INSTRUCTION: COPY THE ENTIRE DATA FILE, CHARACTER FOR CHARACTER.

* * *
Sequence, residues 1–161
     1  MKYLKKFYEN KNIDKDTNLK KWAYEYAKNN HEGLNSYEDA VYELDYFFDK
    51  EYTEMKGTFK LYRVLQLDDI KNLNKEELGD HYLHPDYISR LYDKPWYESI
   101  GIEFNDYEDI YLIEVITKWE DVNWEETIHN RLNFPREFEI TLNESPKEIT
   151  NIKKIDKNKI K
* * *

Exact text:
Sequence, residues 1–161
     1  MKYLKKFYEN KNIDKDTNLK KWAYEYAKNN HEGLNSYEDA VYELDYFFDK
    51  EYTEMKGTFK LYRVLQLDDI KNLNKEELGD HYLHPDYISR LYDKPWYESI
   101  GIEFNDYEDI YLIEVITKWE DVNWEETIHN RLNFPREFEI TLNESPKEIT
   151  NIKKIDKNKI K